Financial analysts have predicted that 2015 is likely to be a very active year for mergers and acquisitions in the solar sector, with consolidation pulling together larger players in various market segments.
The commercial and industrial (C&I) solar segment is emerging as the new frontier, as developers look to build a business model in a post-2016 future that may not include an investment tax credit. Duke Energy's recent acquisition of a majority stake in REC Solar represents an early effort to shape the dynamics of that undiscovered country.
Marc Manly, executive vice president at Duke Energy and president of its commercial portfolio, says the investment will enable the company to extend its utility-scale development efforts into the C&I space.
‘We're going to be offering the full suite of solar products from commercial and above to customers, and however they want it,’ Manly says.
Historically, the C&I market has been the most difficult one from a developer's perspective. As businesspeople, owners tend to be focused squarely on the economics. Installations at C&I sites involve a wide array of ground-mount configurations and roof types. New technologies such as carport canopies, racking and mounting options, and inverter types have vastly expanded the range of system options. This has placed a strong focus on meticulous engineering and time-consuming documentation.
According to Manly, as Duke Energy performed due diligence in preparation for the REC Solar deal, it became apparent that it was possible to bring the same sort of economies and marketing approaches to the C&I space that the residential space currently enjoys. There was a time when even residential installations were ‘unique snowflakes.’ However, time and effort has streamlined residential projects considerably, enabling the rise of large and growing franchise-type providers.
‘We and the REC Solar management team thought the same is going to happen in the commercial market,’ he says.
Allen Bucknam, CEO of REC Solar, says his company's focus on the C&I space as a business decision with hundreds of projects under its belt has enabled it to develop some of the design, permitting and contract processes that are essential for success.
‘The prime focus is the capital that Duke is making available to finance our customers' commercial projects and making that as seamless and as easy a process to deal with as possible,’ Bucknam says.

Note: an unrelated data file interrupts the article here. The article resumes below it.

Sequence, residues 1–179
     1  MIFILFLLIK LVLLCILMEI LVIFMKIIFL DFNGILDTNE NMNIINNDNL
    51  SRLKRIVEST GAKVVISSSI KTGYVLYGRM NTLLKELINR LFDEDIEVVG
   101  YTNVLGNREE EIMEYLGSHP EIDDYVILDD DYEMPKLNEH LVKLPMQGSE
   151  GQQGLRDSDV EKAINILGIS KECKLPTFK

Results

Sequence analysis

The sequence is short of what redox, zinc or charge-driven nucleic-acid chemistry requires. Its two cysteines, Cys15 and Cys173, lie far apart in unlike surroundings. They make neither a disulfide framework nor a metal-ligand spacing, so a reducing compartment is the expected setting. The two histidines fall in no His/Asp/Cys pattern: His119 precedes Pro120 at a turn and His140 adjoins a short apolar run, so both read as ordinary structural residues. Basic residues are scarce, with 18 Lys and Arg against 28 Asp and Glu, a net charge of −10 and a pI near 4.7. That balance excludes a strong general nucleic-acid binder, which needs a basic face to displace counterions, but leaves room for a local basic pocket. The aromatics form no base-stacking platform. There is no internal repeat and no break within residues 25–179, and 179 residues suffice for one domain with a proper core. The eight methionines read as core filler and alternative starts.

Although the financial terms of Duke Energy's investment in REC Solar were not disclosed, the former has committed to making up to $225 million in commercial solar projects that are to be developed by REC Solar and supported by long-term power purchase agreements.
At the same time, Bucknam says the combination of the two firms means more than just access to cheaper capital to build project pipelines. ‘One of the real benefits of having Duke as a strategic partner is their vast capabilities and expertise in a broad arena of distributed energy solutions,’ he says.
Echoing this sentiment, Manly says Duke Energy is able to call on the other branches of the Duke for expertise in areas of transmission and distribution that will enable the partners to address extremely complex customer requirements. He points out that the C&I market encompasses the mom-and-pop store with the flat roof looking to benefit from tariffs and moves upstream to larger businesses and organizations – universities, hospitals, military facilities – focused more on sustainability commitments.
‘We want to have that suite of services that can meet their needs,’ Manly says. ‘We just received [a request for proposals] from a university with a requirement for garage-mount, roof-mount and ground-mount with capacity wheeled in from a utility-scale farm to boot. I'm quite delighted because we now have the capacity to meet every single one of those requirements. I'm hoping our competitors don't.’
In the end, Duke Energy and REC Solar view their partnership as a necessity for what the future holds for C&I.
‘If you just want to be a regional player post-2016, I think it's going to be a tough place to be,’ Bucknam says. ‘We're very happy to be in the right place at the right time in terms of teaming up with Duke and really taking a long view of both the solar and energy service markets way beyond 2016.’